gene pool question

Humanrob

Well-Known Member
I started this in the auto section, but my question comes down to specifics on how genetic generational transfers take place. Reversing part of a single plant and having it pollinate itself, is as controlled and limited a gene pool as one can get short of cloning. I plan on doing that with some auto strains that I can't get anymore. Since I'm going to the trouble of setting up a pollination area I figured I might as well cross pollinate second strain. My goal is to have the highest rate of quality seeds possible, given that any cross has the potential if not the probability of producing some good and some bad outcomes.

My question is about making simple F1 crosses. If I cross two strains that have little or no genetic similarities - vs. - if I cross two strains that have significant genetic overlap, will the ones with more shared genes be likely more likely to produce a higher percentage of quality seeds?

Example
1. Cosmic Queen (Spacedawg x Chemdogging) x Sour Stomper (Sour Crack x Grape Stomper)
VS.
2. Double Grape (Sour Stomper x Grape Crinkle) x Sour Stomper

I would imagine that popping 10 seeds produced from the first example above could give me 10 different phenotypes, with a range of quality from great plants to mediocre ones.
What I'm wondering is, would the second example be more likely to produce a higher percentage of "great plants" simply because the range of genetic variables is more limited?

Or is the percentage of high vs. low quality prodigy a consistent percentage regardless of how much or little genetic variation there is between the parents?
 

Geneiac

Member
A lot to unpack with your questions...let me try to get you heading in the right direction.

In general if you're crossing two random strains, you should expect quite a bit of variation in the progeny. Uniformity of the progeny requires a lot of careful planning and execution on the part of the breeder and can be accomplished in a few different ways depending on the goals of the project. For example you could create an inbred line from your crosses by mating your favorite male with your favorite female in the F1 population, then identify your favorite male/female in the F2s that display the same desirable characteristics as those selected for in the F1s, cross them, and repeat all the way through to the F7s at which point the population should be homogeneous. If you started with two inbred lines and crossed them the F1 generation would be hybrids between the two and should be homogeneous. Furthermore a desired trait from one plant could be introgressed into another through numerous rounds of backcrossing, which if the recurrent parent is an inbred line, should produce a stable population with the trait transferred from one parent into the recurrent parent.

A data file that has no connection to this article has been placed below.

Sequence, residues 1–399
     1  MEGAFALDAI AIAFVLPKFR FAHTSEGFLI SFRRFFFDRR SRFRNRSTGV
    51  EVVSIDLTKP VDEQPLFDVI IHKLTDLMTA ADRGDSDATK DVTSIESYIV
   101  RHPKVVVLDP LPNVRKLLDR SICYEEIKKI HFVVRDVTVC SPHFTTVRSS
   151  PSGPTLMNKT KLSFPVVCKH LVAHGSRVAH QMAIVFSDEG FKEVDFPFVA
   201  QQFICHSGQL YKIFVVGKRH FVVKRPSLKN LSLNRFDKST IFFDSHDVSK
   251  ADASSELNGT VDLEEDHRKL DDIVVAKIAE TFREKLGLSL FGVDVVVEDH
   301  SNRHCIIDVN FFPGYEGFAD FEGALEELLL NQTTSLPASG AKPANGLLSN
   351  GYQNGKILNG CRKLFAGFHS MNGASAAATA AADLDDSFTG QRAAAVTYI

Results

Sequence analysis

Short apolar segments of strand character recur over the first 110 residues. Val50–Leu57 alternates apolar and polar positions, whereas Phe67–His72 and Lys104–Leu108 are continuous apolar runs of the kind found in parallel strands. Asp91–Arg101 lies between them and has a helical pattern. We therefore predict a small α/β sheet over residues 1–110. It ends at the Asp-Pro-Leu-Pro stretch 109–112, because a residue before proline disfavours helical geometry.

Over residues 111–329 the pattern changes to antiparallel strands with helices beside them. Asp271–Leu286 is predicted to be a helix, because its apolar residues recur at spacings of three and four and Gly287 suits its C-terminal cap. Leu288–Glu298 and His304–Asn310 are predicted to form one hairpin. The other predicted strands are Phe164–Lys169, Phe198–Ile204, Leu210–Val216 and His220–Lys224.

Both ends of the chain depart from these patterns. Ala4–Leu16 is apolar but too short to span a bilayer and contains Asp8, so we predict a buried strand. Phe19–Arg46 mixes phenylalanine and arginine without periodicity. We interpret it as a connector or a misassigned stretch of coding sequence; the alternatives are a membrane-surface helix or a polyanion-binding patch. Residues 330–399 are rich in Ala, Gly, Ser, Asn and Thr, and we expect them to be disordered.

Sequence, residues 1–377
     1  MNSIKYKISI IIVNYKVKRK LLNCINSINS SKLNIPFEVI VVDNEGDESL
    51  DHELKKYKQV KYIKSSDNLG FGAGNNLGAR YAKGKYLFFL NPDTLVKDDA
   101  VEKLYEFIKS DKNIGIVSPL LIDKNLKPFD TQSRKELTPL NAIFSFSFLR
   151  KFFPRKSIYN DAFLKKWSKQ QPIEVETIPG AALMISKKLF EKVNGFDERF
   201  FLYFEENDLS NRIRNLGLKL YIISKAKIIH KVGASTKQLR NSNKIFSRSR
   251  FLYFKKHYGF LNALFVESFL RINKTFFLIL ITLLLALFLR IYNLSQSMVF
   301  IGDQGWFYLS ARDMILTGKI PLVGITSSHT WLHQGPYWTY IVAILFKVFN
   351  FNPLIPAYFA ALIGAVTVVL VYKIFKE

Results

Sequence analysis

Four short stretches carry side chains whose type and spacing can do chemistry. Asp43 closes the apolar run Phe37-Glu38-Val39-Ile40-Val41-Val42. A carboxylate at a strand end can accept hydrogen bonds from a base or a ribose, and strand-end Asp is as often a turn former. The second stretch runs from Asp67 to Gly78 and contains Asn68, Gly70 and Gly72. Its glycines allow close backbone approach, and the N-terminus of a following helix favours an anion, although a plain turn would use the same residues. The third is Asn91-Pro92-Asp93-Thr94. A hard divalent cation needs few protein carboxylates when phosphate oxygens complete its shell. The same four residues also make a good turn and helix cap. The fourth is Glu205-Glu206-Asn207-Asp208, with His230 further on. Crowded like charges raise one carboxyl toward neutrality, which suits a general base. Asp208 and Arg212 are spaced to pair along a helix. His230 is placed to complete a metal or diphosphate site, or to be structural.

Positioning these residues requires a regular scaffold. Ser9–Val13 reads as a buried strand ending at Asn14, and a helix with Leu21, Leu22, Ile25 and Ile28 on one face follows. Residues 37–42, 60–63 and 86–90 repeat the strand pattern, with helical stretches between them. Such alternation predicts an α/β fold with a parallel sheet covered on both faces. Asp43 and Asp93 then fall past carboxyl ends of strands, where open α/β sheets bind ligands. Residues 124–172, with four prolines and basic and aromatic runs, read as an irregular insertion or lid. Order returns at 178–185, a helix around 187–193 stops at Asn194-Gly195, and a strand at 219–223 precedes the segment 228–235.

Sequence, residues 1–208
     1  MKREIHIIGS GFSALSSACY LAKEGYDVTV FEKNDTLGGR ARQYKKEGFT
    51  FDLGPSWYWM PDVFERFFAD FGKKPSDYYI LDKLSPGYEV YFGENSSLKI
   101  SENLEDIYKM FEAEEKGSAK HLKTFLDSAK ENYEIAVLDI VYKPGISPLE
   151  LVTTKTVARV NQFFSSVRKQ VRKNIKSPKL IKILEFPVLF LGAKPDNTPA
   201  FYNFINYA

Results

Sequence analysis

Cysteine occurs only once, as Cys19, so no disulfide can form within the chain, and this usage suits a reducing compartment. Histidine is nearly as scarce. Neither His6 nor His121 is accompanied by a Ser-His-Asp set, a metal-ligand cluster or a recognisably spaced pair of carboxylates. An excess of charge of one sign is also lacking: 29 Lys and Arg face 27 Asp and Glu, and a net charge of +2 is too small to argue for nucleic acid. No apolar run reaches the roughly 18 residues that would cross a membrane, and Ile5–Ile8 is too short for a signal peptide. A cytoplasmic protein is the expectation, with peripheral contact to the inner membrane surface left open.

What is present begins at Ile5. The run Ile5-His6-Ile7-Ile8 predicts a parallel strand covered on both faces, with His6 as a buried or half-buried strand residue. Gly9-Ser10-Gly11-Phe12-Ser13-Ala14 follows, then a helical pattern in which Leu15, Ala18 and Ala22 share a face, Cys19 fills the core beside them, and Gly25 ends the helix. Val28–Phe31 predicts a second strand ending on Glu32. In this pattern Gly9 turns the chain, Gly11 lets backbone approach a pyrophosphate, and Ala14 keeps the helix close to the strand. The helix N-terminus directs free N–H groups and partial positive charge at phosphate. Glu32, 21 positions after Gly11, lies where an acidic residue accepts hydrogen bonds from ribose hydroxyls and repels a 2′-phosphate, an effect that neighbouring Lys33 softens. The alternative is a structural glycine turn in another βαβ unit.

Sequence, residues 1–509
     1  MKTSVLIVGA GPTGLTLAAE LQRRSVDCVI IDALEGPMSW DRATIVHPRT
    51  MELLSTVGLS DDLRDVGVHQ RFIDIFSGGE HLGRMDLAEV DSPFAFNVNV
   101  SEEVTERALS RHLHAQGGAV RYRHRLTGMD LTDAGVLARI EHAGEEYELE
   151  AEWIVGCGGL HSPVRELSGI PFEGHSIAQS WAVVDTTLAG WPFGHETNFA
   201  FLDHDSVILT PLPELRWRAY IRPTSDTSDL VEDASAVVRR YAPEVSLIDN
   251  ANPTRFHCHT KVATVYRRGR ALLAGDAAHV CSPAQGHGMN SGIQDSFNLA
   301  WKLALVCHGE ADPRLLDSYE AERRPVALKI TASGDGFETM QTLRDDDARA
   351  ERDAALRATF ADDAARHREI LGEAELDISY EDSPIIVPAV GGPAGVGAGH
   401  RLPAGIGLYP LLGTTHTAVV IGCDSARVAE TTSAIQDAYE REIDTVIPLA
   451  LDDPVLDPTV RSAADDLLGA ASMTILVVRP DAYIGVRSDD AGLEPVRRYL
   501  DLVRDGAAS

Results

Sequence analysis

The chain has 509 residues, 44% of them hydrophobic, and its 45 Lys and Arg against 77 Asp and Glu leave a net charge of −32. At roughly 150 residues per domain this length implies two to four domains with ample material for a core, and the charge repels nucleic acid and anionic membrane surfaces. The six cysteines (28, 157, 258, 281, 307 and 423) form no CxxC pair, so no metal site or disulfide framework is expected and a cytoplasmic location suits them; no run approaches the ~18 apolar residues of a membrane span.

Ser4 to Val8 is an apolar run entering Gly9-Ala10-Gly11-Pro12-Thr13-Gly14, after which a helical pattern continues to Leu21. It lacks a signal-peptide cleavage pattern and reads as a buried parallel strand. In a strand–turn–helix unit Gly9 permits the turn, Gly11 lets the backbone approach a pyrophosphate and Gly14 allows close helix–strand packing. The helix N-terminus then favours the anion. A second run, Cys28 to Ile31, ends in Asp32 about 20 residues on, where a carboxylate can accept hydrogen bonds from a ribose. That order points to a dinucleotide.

It looks like one of your crosses will be a backcross (at least in theory but I don't know if the Sour Stomper parent in the double grape is the same sour stomper you plan to use in your cross) which to answer your first question if you like sour stomper, could lead to more great plants, or at least sibs in the F1 population that are slightly more similar.

I feel like the thing to do might be to make both your crosses but be prepared to sift through a lot of variation, but hey that's the fun part about breeding, you never know what your gonna get! Have fun with it and best of luck with your grow/breeding projects!
 

Humanrob

Well-Known Member
Thanks for the thoughtful reply. I've done a small amount of "pollen chucking" in the past with photos, and leaned heavily on my misguided understanding of "hybrid vigor" in attempts at making several series of interesting F1 crosses. I had some great luck, and some wasted space, but that was to be expected. My sources were a mix of seeds and clones of strains whose actual breeding were unverified, they all came from local dispensaries but they are sold to be grown and smoked, they made no claims about breeding them. It was fun, and I learned a little.